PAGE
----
Who do you know who wouldn’t like to have 12 – 15 hours per week quiet time, sitting relaxed, doing what they like, guaranteed? Nobody I know. This is of course another members-only benefit of BigD club membership.
Yes, there can be a down side: you have to sit quietly, sometimes with an occasional pain in the arm, sometimes you don’t feel up to much. But most of the time, especially if you are keeping your brain sharp, you will be in a reasonable state of health and mental alertness, capable of most anything anyone else can do sitting down.
Your options cover the spectrum: work, rest and play.
I work full time, so on the days I leave early for the BigD, I take my computer with me and once I’m hooked up, I continue what I was doing. This is not difficult. I use a wireless broadband modem (my unit is not blessed with wireless yet), and I use Gmail or remote desktop to my work pc. It’s just like being there, except that afternoon tea comes to me.
I am most alert for the first hour, so first I do things that need a little thought: write emails, proposals or other thinking stuff, phone customers, etc. The second hour, I’m not quite as sharp, so I catch up on reading: blogs, subscriptions, magazines, etc. Then I might have a little nap, say for 20 minutes. Then, ready for the easy life, I log onto TED, Fora.tv, Slow TV, a scholarly lecture, The Onion, The Chaser or some other stimulating program, to catch up on the latest.
Rest (sleeping or staring into space)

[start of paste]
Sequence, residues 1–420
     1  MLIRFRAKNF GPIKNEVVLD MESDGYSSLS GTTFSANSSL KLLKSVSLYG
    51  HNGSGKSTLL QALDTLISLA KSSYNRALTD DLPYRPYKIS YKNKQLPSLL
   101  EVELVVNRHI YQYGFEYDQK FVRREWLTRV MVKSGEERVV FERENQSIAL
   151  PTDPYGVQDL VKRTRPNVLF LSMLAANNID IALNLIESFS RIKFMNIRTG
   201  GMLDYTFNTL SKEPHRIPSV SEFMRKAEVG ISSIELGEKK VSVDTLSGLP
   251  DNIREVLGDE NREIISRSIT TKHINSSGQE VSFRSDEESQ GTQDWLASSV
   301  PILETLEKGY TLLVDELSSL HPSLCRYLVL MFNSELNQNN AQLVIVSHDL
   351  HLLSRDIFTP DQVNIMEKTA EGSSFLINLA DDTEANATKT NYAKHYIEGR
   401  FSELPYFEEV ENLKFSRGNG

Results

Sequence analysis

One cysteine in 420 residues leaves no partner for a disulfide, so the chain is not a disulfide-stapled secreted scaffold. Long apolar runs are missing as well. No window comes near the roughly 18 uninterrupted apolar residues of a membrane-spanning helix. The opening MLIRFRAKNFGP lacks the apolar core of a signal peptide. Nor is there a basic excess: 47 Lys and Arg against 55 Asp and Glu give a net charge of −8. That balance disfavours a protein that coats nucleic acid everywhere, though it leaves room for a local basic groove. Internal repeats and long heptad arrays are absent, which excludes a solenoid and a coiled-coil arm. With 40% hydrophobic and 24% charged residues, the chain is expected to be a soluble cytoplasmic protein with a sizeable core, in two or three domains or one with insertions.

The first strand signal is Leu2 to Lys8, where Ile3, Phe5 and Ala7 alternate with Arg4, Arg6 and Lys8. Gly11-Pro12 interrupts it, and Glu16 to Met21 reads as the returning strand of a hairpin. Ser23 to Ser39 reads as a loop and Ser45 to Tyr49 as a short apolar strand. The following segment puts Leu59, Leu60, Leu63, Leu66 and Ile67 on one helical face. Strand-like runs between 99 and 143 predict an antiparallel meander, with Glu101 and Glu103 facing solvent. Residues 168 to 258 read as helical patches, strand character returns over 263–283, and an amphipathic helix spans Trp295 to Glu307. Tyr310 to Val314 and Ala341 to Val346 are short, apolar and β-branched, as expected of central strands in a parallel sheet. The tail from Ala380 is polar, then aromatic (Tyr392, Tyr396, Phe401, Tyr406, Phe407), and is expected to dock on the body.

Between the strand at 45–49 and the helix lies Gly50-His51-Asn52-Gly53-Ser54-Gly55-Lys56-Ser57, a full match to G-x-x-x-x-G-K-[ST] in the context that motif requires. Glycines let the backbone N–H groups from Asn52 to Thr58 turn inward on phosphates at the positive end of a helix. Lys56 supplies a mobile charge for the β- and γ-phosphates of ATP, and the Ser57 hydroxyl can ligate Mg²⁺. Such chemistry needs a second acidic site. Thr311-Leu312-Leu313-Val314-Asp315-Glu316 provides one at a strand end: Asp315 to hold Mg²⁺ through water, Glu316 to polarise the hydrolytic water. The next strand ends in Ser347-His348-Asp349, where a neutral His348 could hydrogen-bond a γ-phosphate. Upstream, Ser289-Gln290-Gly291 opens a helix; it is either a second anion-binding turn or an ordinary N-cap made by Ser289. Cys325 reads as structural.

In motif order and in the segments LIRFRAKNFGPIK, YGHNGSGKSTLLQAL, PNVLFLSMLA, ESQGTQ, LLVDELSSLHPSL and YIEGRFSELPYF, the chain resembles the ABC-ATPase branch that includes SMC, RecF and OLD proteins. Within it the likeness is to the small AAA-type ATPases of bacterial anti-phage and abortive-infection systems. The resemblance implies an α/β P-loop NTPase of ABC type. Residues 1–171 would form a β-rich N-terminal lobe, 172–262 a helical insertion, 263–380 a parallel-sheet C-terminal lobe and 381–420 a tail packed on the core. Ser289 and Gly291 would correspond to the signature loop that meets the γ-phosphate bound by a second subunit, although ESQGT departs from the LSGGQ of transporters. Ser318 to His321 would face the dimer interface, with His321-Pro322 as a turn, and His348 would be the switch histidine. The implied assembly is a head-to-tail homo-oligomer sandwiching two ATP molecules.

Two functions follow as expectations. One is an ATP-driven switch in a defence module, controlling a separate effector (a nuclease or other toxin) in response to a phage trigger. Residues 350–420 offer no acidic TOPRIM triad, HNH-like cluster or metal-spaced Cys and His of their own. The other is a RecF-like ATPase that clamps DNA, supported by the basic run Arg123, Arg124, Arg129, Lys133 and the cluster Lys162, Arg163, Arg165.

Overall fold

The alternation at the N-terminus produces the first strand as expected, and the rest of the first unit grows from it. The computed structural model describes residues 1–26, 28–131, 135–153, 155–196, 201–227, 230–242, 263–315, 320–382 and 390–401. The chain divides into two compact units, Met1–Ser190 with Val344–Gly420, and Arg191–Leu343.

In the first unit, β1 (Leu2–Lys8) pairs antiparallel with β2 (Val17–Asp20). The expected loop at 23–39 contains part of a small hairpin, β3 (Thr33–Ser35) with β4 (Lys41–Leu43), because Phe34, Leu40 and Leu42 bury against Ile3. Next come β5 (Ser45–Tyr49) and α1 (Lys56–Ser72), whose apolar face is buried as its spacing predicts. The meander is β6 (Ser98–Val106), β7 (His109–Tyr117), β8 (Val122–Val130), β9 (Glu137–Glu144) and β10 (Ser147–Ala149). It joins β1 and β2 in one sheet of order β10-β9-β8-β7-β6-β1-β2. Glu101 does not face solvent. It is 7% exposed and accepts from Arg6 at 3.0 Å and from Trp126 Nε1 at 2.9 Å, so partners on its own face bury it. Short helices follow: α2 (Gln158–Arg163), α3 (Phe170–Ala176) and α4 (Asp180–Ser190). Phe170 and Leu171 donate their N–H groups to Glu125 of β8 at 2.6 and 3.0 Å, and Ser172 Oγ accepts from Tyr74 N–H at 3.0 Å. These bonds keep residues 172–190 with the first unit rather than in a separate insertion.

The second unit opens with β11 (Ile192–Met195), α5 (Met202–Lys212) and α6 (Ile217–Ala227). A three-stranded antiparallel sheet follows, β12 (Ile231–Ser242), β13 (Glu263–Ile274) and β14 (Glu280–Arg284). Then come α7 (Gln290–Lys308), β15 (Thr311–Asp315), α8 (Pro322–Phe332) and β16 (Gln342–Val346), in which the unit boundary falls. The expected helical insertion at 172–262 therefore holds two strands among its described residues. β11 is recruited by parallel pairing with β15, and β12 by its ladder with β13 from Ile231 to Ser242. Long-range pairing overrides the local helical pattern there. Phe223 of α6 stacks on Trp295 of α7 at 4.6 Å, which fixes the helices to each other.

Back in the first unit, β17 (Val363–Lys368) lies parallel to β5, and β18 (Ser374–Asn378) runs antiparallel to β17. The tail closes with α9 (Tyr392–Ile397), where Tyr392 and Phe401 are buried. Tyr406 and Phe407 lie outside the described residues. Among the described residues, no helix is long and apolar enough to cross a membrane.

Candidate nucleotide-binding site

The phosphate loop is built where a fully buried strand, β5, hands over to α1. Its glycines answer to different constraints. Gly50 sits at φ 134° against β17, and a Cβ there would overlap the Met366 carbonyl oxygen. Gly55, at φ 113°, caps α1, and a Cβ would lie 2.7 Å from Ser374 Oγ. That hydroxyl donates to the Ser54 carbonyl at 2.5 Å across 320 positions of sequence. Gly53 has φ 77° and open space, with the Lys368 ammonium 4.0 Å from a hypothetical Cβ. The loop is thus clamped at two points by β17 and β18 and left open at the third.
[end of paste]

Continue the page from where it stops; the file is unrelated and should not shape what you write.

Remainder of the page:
Not much to talk about here. This is probably the most common activity at most units, and it shouldn’t be. To me, sleeping is useful in small doses, like as a break between different activities (unless you’re catching up, like at 0650 some mornings, when I should be asleep anyway). Only sick people sleep or stare into space for hours on end. The rest of us do stuff.
This is where the action is. With the right tools, toys, and attitude, there is a world of things you can do. For a low-tech start, read a book (if that is too taxing, read some of the great graphic novel s (like Watchmen). Buy a cheap Netbook computer for$200 – $400 and surf the web: catch up with friends, start or join a club, listen to the radio, learn a language, play games, write your life story, read amazing blogs, talk to the world!
If that palls, watch a video (I hire boxed sets and slowly work through complete series), listen to audio books or podcasts (lots of both to download from the web), join an amateur radio club and talk and listen to the world.
In the real world, just for a change, I’ve: arranged for a massage at my chair, had a podiatrist do a chair call, got a haircut (a failure – too much hair) and of course organised for take-away food on special occasions.
Finally, there’s always that old zero-tech standby, talk to the people around you.
Time on dialysis is a gift: don’t blow it. Do something, worthwhile or silly, every session.